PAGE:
Moving from paper-based benefits to benefits technology onboarding saves trees (and possibly HR’s sanity). But an administration platform requires a strategy.
Thinking about moving to benefits technology? Then consider the role that onboarding plays. The advantages of moving to benefits administration & enrollment technology are well documented. Even so, many employers still manage their employee benefits on paper. In fact, 79% of the benefits technology onboarding implementations we completed last year were with employers who previously used paper-based enrollment forms.
Making the leap from paper to computer can completely transform the process of offering plan options and managing the entire program.
Here are 4 ways a successful platform transition should work:
1. Discovery and Requirements
The first step in onboarding is self-examination. Validate the reason behind the decision. Is the current process time-consuming? Check. Are you entering and tracking data manually? Check check.
What about compliance? Manual benefits administration swings the door wide open for mistakes and oversights. Something as simple as messy handwriting can create a critical error, like when someone who’s left the company isn’t dropped from the benefits program, a qualified dependent isn’t added, or COBRA isn’t triggered when a dependent ages out. It goes without saying that missteps waste time and money. They can also land an employer in a heap of compliance issues.
In addition, benefits technology helps employees of all generations get more out of their benefits. People use other online platforms—it makes sense that employee benefits are also managed online.
The discovery session is an opportunity to uncover organizational goals, find out the best way to set up the benefits administration platform and discuss roles and responsibilities during the onboarding process.
During this early stage, review internal requirements to ensure everyone understands what’s needed during the onboarding process. This means the types of benefit plans offered, how voluntary benefits are set up and what surcharges may or may not be involved, such as a spousal or tobacco surcharge. Make sure all onboarding roles and responsibilities are in writing and distributed to the insurance broker and/or benefits technology provider. In fact, the broker can manage this step.
2. Careful Client Testing
Once the system has been set up, it should be tested rigorously before employees enroll. The broker or benefits technology consultant should test the system internally by walking through each benefit-eligible group’s enrollment process, and then test it with you. After all, you know your employee benefits program better than anyone else. Test each benefit screen to ensure enrollment works properly and that the workflow for each benefit group is right. The technology provider should adjust the enrollment process as needed.
3. Benefits Technology Onboarding and Education
Once testing is complete and the technology platform mirrors each aspect of the benefits plan, it’s ready to go live. This is when employee education and communications comes in. A major change like the transition from paper-based enrollment to benefits administration & enrollment technology can be jarring for employees. Work with the broker to develop an employee education and communications campaign that describes the process. How do they manage an important life event (such as marriage or having a baby)? Make sure the employee communications campaign includes basic how-to steps for using the technology, like adding a new dependent.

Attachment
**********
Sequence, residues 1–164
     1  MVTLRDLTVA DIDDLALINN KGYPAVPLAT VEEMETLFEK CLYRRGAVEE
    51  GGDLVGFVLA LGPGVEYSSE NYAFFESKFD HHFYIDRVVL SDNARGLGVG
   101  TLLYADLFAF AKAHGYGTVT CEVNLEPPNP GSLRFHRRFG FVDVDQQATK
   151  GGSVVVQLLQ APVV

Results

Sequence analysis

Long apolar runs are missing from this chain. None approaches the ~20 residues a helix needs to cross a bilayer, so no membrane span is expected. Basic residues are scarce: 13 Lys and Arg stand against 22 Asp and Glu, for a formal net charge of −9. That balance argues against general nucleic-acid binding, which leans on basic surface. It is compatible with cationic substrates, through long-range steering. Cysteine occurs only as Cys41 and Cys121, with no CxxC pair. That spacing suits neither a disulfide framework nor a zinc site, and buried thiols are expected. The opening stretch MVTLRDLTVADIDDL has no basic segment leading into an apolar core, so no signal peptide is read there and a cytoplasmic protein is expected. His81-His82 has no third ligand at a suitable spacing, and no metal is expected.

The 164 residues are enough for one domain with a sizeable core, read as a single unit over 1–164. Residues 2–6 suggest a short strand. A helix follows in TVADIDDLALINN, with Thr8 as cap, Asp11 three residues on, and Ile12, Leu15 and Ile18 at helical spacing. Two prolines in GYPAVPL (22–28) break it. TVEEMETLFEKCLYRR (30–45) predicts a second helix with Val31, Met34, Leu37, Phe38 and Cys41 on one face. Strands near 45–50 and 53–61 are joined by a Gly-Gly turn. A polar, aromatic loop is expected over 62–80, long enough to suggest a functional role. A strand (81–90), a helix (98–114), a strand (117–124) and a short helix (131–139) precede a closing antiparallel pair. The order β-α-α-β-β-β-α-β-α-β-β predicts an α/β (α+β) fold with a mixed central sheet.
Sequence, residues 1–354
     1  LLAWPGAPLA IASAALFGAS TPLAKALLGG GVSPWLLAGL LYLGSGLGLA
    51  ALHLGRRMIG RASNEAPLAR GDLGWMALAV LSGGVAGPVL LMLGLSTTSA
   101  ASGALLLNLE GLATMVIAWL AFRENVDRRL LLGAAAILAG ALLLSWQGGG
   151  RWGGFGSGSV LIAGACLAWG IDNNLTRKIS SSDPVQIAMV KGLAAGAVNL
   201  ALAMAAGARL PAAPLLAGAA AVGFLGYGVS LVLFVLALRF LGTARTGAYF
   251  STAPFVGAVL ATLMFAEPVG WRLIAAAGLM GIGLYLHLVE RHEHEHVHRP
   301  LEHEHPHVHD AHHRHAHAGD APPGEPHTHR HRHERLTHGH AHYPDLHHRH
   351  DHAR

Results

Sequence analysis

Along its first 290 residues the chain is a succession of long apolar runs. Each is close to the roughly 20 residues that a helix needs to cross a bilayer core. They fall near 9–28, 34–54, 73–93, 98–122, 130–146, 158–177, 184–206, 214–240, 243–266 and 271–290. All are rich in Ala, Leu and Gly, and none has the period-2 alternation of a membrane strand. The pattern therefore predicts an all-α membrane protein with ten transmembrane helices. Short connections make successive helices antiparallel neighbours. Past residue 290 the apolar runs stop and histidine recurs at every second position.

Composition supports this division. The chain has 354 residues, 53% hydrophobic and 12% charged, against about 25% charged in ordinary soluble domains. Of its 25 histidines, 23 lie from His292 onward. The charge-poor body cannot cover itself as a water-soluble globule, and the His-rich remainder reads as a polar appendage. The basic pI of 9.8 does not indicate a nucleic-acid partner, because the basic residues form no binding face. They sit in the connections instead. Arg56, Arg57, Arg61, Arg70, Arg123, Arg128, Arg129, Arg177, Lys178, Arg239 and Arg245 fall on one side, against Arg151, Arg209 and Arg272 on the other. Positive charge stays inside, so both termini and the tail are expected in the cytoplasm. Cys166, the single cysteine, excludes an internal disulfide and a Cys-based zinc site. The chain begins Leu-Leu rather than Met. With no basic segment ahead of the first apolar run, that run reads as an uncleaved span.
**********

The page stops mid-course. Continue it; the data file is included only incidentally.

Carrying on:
4. The Potential Cost Savings, Plus Risk Avoidance
Consistent and thorough onboarding and the use of benefits technology going forward can save serious time and money. Here are three ways:
- A “fat-finger” mistake when entering employee data manually often leads to issues. Employees may log into their carrier portal but have a difficult time confirming their benefits because their Social Security number doesn’t match what was incorrectly entered. It’s more than a minor administration error—it can lead to unpaid claims until the error is corrected.
- It’s estimated that anywhere from 5% to 12% of dependents on a plan are actually ineligible because they’ve turned 26 years old.1 With a paper-based system, it’s up to an HR professional to keep track of when dependents will lose benefits and when coverage will cease. Benefits technology provides an automatically generated report showing which dependents will soon turn 26, allowing for direct communication about who needs to be dropped from coverage.
- COBRA is automatically triggered when an exiting employee’s benefits are terminated on the benefit administration system, cutting down on paperwork and the time spent to manage this process manually. It also ensures a more positive employee experience.
Moving to a benefits administration and enrollment technology might seem daunting. But when onboarding is done right it creates checks and balances that can prevent compliance issues and employee headaches while it controls costs and saves time.
Technology improves the experience for employees and employers, simplifies two-way communications, saves HR hours of time and prevents compliance missteps. But that’s assuming onboarding is done right.
1 Employee Benefit Advisor “5 questions to ask about dependent verification”
- Why It’s Time for Paperless Benefits
- Employees Gain from Benefits Technology
- The Human Touch Bridges the Benefits Usage Gap
© 2018 Corporate Synergies Group, LLC. No part of this material may be republished or distributed without prior written consent.